Jaysen Hansen’s Rally From Five Shots Back Clinches NOPGA Professional Championship

MANSFIELD: He thought he would have to shoot an incredible round to win. As it turned out, it only took a superb round to make Beechmont Head Golf Professional Jaysen Hansen the Northern Ohio PGA Professional Championship winner.

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Hansen shot a final-round 4-under 68 – the lowest round of the tournament – to finish with a 54-hole total of 4-under 212 for a one-stroke victory over three others.

Hansen, in his seventh year at Beechmont, began the day five shots behind the leader but three birdies on the front nine and two more on the back enabled him to move to the top of the leaderboard and claim the $3,000 first-place check, as well as enhance his standing in the NOPGA’s Player of the Year race.

“This is something I have been trying to do for a long, long time,” said Hansen, a two-time NOPGA Player-of-the-Year.

It took 53 holes but Hansen eventually climbed over eventual runnersup Jim Troy (Homna Golf USA), Mark Sierak (Barrington) and Randy Dietz (Windmill Golf Center), as well as fifth-place qualifier Adam Lewicki, an Assistant Golf Professional at Portage Country Club and a former Hansen assistant. Lewicki (73) came in at 214.

All five earned a trip to the 54th Annual PGA National Professional Championship to be held April 25-28 at the PGA Golf Club in Port St. Lucie, Fla.

Hansen, winning this event for the first time but an eight-time qualifier to the National Championship, said he thought it would take a final-round of 9-under 63 to win.
“Nine-under was out there,” he said. “If you play smart and play well you can do it. That’s the number I thought I had to do but I never thought that 68 would win. I thought it would get me into the top five, which obviously is the goal.”

The 68 did more than that as the other contenders all fell victim to back-to-back double bogeys along the way.

Second-round leader Sierak shared the lead at 4-under until back-to-back bogeys on the 16th and 17th hole. Dietz, who began the day in second place, was 5-under through 11 holes but he also suffered consecutive bogeys on the 13th and 14th holes.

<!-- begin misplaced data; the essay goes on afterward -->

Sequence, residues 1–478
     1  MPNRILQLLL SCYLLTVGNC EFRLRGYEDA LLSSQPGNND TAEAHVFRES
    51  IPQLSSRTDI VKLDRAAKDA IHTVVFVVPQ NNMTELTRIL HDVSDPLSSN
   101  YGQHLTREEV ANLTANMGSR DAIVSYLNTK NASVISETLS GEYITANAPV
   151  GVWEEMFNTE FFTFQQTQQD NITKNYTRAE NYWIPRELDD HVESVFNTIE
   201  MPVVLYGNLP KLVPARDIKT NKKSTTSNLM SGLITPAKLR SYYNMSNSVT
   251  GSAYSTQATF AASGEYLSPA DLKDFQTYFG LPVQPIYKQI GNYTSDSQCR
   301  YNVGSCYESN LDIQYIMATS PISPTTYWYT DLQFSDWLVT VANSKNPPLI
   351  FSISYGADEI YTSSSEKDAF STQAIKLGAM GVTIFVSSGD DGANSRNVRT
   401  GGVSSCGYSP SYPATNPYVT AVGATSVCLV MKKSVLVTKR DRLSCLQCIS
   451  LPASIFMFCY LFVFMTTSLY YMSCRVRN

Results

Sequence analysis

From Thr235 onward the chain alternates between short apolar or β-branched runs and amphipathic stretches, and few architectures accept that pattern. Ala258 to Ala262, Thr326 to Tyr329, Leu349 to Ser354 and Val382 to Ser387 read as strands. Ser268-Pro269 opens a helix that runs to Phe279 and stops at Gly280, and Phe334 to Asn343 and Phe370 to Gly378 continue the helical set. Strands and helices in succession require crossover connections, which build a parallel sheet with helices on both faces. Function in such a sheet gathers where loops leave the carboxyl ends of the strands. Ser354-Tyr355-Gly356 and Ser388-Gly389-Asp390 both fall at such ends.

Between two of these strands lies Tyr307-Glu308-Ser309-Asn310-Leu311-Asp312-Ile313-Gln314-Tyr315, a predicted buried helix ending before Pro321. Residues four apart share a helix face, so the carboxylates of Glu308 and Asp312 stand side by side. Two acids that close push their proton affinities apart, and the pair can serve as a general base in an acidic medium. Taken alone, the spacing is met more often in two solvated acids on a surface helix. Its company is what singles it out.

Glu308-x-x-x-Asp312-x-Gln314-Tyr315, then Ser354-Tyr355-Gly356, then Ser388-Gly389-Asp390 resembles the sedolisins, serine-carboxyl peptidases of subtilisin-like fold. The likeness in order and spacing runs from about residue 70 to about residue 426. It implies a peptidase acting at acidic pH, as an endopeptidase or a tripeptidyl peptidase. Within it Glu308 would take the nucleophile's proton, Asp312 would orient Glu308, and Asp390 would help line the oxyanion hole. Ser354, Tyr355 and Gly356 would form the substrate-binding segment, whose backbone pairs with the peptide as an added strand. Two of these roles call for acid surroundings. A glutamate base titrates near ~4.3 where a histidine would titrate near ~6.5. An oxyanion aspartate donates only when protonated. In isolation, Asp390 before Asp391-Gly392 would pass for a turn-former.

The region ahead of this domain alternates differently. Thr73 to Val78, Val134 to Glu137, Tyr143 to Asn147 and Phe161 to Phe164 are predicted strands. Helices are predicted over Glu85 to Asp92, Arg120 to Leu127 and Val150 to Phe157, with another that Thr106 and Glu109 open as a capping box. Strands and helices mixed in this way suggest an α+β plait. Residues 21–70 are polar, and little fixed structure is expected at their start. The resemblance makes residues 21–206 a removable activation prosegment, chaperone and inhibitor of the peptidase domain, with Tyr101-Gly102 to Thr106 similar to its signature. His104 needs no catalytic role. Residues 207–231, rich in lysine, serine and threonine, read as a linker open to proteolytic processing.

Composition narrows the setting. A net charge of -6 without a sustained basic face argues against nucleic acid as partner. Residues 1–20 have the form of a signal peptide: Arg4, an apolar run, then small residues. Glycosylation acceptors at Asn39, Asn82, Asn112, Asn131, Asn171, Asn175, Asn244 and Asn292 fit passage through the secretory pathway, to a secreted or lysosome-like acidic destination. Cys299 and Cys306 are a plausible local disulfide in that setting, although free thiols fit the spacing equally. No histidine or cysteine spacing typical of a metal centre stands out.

Consecutive birdies on the 12th and 13th pulled Troy into a share of the lead at 5-under at one point, but he too, suffered back-to-back bogeys on the 16th and 17th.

Lewicki, the sentimental underdog, began the day two shots behind Sierak but quickly got into contention with birdies on the first two holes. Additional birdies on the eighth and 11th holes kept in in contention but three bogeys in a four-hole stretch ended his hopes.

Hansen, the NOPGA Player of the Year in 2009 and 2016, got off to a rousing start with birdies on three of the first five holes and add three more on the back nine, including a decisive 2 on the par-3 17th hole that got him to 4-under while the others struggled.

“The birdie on 17 was huge,” said Hansen, whose final round consisted of six birdies and two bogeys. “But the putt on 15 was probably the one that kept it going.”

The putt on 15 for par came from about six feet and kept him at 3-under but the putt two holes later was a testy 10-footer.

After making birdie at the first and fourth to get to 2-under, Hansen missed what he called a “good look at eagle” from about eight feet on the par-5 fifth.

Jon Jones (Youngstown Country Club), Rob Moss (Pepper Pike), Gary Robison (Canton Brookside) and Joe Meglen (Stonebrook GolfTec) earned spots as alternates.

Lewicki, who was 6-under after his fourth birdie of the day on the 11th but fell back, had a great chance to get to 4-under at the par-3 17th but his birdie attempt from about five feet came up an inch short.

“It was a good putt, I thought I made it,” he said. “It was beyond makeable. But it didn’t go in. I’ll admit there were some nerves involved there. But, all in all it was a good week. I had three goals in mind. One, to make the cut. Two, to qualify for the national. Three, to win. Two out of three is not bad.”

Tim is a Contributing Writer for the Northern Ohio PGA. Award-winning golf writer and sports reporter for the Plain Dealer, now retired. Contributor to the Akron Beacon Journal, Canton Repository, AP, other national publications.